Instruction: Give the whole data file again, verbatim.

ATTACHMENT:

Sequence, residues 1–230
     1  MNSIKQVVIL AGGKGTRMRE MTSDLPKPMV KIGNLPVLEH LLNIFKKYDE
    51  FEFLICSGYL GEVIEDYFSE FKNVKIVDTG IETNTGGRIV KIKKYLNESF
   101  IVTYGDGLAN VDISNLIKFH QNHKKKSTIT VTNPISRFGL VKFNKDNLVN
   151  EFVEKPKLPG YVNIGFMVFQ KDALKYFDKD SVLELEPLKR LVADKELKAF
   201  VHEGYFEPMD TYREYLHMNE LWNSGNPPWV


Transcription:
Sequence, residues 1–230
     1  MNSIKQVVIL AGGKGTRMRE MTSDLPKPMV KIGNLPVLEH LLNIFKKYDE
    51  FEFLICSGYL GEVIEDYFSE FKNVKIVDTG IETNTGGRIV KIKKYLNESF
   101  IVTYGDGLAN VDISNLIKFH QNHKKKSTIT VTNPISRFGL VKFNKDNLVN
   151  EFVEKPKLPG YVNIGFMVFQ KDALKYFDKD SVLELEPLKR LVADKELKAF
   201  VHEGYFEPMD TYREYLHMNE LWNSGNPPWV